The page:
Is Advice You Seek from Brokers Protected?

By Stacy RC Berliner, TRZ Shareholder and Certified OSBA Attorney in Insurance Coverage Law

Feature Article for the February 2018 Insurance Law Issue of the Cleveland Metropolitan Bar Journal

When they have questions about insurance claims, a policyholder’s first instinct is often to ask their insurance broker for advice. Is this going to be covered? Why or why not? What amount, if any, will I have to pay out-of-pocket? The broker’s specialized knowledge about the policyholder’s claim history and insurance program make them a valuable resource.

Not surprisingly, when coverage disputes turn into litigation, it is common for policyholders and their in-house counsel to involve brokers in claim strategy and seek the broker’s opinion on disputed coverage issues. Similarly, a policyholder’s outside counsel may ask brokers to participate in litigation and settlement strategies or request their assistance in preparing correspondence and pleadings to insurers.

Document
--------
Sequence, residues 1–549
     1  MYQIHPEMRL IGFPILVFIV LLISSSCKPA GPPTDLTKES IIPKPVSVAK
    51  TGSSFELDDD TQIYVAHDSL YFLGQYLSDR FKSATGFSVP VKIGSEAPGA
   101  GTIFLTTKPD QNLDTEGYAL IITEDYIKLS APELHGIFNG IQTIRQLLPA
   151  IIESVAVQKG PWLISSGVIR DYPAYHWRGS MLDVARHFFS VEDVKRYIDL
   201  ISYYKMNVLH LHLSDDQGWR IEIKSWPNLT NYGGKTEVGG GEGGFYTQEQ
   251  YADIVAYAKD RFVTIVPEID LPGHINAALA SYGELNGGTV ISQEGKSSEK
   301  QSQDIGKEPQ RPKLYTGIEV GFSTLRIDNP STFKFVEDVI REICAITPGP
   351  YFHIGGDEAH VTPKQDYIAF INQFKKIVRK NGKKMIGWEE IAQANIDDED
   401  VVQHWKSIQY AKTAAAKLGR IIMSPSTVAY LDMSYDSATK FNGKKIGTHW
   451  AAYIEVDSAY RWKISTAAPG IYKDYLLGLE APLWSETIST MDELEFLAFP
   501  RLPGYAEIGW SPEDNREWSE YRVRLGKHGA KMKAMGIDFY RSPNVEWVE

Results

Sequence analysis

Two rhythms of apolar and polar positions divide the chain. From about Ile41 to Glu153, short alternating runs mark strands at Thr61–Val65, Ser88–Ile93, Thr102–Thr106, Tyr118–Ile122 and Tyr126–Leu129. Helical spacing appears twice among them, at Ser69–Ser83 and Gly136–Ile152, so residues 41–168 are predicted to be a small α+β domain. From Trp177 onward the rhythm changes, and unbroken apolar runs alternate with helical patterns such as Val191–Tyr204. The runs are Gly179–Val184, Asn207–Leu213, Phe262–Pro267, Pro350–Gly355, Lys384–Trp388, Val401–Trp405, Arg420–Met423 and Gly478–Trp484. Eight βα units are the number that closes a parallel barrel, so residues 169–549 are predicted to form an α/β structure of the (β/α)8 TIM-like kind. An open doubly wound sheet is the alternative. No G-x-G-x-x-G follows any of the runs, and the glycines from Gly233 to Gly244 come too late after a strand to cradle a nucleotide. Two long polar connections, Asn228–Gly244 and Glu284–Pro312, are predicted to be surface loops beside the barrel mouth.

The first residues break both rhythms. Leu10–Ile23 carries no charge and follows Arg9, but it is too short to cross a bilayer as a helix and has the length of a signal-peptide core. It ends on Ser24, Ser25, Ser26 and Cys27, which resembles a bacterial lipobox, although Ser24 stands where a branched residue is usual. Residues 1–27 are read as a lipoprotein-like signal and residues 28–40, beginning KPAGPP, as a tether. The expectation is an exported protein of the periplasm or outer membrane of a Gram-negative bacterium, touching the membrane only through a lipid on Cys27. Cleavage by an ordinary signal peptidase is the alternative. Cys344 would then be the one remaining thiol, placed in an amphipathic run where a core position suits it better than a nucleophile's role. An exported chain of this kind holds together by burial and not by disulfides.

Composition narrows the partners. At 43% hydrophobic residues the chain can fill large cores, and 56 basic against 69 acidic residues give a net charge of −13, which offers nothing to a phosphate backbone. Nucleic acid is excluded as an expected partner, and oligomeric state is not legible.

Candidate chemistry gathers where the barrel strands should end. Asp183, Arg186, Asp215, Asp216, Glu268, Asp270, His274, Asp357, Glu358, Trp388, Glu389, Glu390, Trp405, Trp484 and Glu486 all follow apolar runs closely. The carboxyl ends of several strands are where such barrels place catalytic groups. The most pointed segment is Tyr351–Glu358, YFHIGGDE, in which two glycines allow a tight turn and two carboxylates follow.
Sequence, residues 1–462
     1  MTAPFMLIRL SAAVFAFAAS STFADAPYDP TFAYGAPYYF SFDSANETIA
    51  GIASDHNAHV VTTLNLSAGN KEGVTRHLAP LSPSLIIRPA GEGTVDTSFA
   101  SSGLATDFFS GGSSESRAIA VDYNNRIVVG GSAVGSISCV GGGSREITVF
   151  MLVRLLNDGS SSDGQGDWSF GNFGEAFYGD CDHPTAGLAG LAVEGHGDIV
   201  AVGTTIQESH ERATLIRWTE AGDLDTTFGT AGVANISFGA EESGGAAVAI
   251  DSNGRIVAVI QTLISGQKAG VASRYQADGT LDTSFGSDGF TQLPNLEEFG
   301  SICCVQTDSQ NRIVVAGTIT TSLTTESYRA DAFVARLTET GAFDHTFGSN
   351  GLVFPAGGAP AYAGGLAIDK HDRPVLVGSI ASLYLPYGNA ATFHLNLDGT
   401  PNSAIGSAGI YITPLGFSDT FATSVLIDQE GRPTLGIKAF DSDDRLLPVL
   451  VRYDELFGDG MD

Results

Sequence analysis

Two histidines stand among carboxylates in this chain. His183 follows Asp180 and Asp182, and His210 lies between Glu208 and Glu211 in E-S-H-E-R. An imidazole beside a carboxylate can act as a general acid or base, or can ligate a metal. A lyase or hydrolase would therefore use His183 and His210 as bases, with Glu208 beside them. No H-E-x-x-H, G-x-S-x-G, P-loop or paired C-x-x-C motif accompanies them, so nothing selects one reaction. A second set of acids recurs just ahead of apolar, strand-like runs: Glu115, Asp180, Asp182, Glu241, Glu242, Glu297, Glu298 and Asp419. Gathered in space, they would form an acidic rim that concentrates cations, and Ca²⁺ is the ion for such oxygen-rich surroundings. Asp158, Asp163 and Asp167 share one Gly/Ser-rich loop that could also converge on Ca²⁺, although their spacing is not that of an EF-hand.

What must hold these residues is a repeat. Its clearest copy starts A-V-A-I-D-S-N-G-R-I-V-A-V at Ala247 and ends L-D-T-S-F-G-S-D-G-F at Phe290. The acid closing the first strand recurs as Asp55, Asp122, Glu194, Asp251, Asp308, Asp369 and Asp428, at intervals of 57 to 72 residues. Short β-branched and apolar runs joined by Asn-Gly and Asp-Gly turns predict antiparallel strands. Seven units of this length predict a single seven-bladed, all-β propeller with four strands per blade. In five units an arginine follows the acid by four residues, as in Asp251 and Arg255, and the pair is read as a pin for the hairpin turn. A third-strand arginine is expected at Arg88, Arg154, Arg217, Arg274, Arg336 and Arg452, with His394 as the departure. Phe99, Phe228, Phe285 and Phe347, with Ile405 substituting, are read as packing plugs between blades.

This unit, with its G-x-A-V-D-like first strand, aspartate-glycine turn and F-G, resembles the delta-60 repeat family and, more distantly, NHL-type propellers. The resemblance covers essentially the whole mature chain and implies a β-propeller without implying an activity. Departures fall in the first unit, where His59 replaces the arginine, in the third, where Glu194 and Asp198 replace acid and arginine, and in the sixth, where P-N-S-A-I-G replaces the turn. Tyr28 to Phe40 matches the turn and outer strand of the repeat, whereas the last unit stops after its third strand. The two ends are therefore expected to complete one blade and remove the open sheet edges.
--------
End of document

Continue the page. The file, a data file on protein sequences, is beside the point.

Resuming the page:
Policyholders tend to think that the substance of these interactions and discussions are protected by the attorney-client privilege and work product doctrine. But, the protected nature of these interactions and discussions, like most issues involving coverage, a fact-intensive question.

This article is intended to (1) caution policyholders that communications with their broker may not be protected; and (2) provide practice tips that may assist them in asserting that they are.

To access the full article, please CLICK HERE

Reprinted with permission

The materials available at this web site are for informational purposes only and not for the purpose of providing legal advice. You should contact your attorney to obtain advice with respect to any particular issue or problem. Use of and access to this web site or any of the links contained within the site do not create an attorney-client relationship between Thacker Robinson Zinz LPA and the user or browser. The opinions expressed at or through this site are the opinions of the individual author and may not reflect the opinions of the firm or any individual attorney.

Back to posts
Print article

Is Advice You Seek from Brokers Protected?